Nothing kills my drive to game better than having to stop the flow to map out every room and sett ing up counters.
This would get me to come back to the hobby immediately.

I wrote some rules for running an "abstract dungeon" once. To briefly summarize, you don't bother mapping out the entire dungeon, but represent it abstractly as a grid.

I didn't mean for exploration and possibilities of getting lost. I meant less tactical than stopping the game to draw every room, positioning the PCs and monsters of that room. Then at the next room I have to dry/wet erase a battle mat to start the process over again.

I really don't want to use miniatures/counters that much except for some major combats, bosses etc. Like I did for 1E/2E

RPG Superstar 2012 Top 32

Tactical combat with maps, miniatures, and monster counters is my favorite part of RPGs.

That, and the teamwork aspects and bad puns/pop cultural references.

RPG Superstar 2012 Top 32

thaX wrote:
Perhaps the next iteration of PF can change what one does with Wands, using it as a focus to take the place of lesser Spell Components, having certain wands give a bonus to specific types of spells or spells that use certain energy types. Having the charge type mechanic moved to lesser Staffs instead can free up some interesting ideas regarding Wands.

The current rules lets you use rods for what you suggest. Metamagic rods do a lot of that. But it would be cool if there were also rods that increased save DCs, added additional carrier effects, do special effects, etc. etc.

Kind of reminds me of Dresden's blasting rod.

:-D


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So if I am gathering correctly, we want to see some system that maintains backwards compatibility, and gets away from the spell slot system?

The best way I see this working is a spell point system that allows you to "buy" how many daily slots you have. Rather than saying a wizard has x lvl 1 slots, and y lvl 2 slots etc. per day, have it be, he has x mana points, to prepare a 1st circle spell (I want the word level to change when referring to magic because it confuses new players) costs 1 point, to prepare a 2nd circle it costs a different number of points. This way, you still have the prepared slot system for the sake of backwards compatibility, but you have control of how many slots you have of any particular spell circle allowing for more control and versatility over your character. Example, a 7th level wizard who specialized in a 3rd circle spell can choose not to purchase a 4th level circle at all, and rather could spend all his mana points purchasing spell slots of 3rd and lower, allowing him more spells that day effectively if he knew in advance that he was going into a dungeon crawl and needed more spells/ ammo for that specific day.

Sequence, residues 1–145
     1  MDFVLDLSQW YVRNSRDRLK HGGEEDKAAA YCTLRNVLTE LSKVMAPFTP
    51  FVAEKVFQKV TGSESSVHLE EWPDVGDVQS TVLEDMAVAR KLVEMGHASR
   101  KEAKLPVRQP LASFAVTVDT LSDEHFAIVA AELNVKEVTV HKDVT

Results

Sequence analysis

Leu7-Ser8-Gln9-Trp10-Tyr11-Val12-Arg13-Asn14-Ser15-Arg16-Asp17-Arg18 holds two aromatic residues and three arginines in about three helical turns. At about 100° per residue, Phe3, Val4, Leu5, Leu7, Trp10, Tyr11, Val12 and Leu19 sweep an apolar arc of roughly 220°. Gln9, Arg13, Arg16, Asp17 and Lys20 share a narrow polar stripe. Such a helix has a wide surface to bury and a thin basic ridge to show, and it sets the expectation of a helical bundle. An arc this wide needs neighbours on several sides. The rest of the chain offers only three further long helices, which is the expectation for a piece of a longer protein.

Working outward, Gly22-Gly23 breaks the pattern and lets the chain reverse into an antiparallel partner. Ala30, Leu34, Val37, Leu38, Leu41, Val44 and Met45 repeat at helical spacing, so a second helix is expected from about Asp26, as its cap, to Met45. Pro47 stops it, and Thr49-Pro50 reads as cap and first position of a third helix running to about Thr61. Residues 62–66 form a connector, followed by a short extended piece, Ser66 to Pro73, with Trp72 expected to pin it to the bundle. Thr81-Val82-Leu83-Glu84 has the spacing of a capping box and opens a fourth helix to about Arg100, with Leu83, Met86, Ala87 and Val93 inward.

It kinda dips into the psionic system really. I like the idea of keeping the spellbook system allowing the wizard to have more options, and the sorcerer can have the same kind of mana system, but would be limited to his spells known list for the purpose of casting spells. Magi get the same number of points as a wizard, but must use them to fuel their class abilities as well as their spells, making their relationship between casting and fighting truly integrated.

Then, your metamagic feats no longer exist, and everything comes in the form of a metamagic rod. Metamagic rods cost mana points to use, so if a wizard wants to add effects to them, then he had better leave some mana points left unspent, which forces more preparation on his part, and gives the wizard a reason to actually need and spend money.

Scrolls I feel are not a very good mechanic, imo they should be used for the sole purpose of a wizard/other prepared caster needing it to 'learn' a spell or copy it into his book. It will exist as a tax per se on the spellcasters. Wands and scrolls essentially do the same thing right now, except a wand lasts longer.

Pearls of power have a number of mana points associated with them, and otherwise function as cognizance crystals. A prepared caster can use the number of points in the pearl to get back a spell that costs up to the number of points in said pearl, assuming there are enough points in the pearl, where a sorcerer can simply replenish his pool with it, they will be MAD expensive, and have extreme limits as to how many points they can hold.

The entire martial feat system needs to be redesigned imo. Weapon Focus should scale with BAB at the same rate Power Attack does, going up to +5 at lvl 16. It will include attack and damage. There is your fix for magic weapons not needing to be +1, +2, +3 etc. I also think it should be based on damage type, rather than a specific weapon, or even divide it by the weapon types as classified by the fighter weapon training. Fighters should get Weapon Focus for free at lvl 1 on a weapon type of their choice. Armor Focus will exist much the same way, fighters should get that too.

Feat Trees will be eliminated, and rather than being forced into wasting all of your feats, you will simply gain the benefits of the higher level feats when you reach a certain point. For example two weapon fighting will gain the benefits of two weapon fighting and greater two weapon fighting when your BAB reaches the point that the feat's prerequisites are met, and you won't have to spend feats on it.

Weapon Finesse is a mechanic, not a feat. Any light weapon can be used with the wielder's DEX mod rather than STR mod for the purpose of calculating attack bonus. Any time that one could apply precision damage while using a light weapon, they can also apply DEX to damage, as a mechanic.

I can understand the desire from a player's stand point to not want to invest money into a weapon just to add to you to hit value when you could be spending it on weapon abilities, but I can't ever see a game where the player would feel they don't need to spend money on other kinds of numeric bonuses. Stat items in particular I feel were very well done in PF. Associate them with one slot, if you want more than one stat to improve it will cost more. Same thing with saving throws, just incorporating these things into character design won't matter if the players are just going to end up wanting to buff those stats more anyway, I feel that's how the christmas list happened in the first place anyway.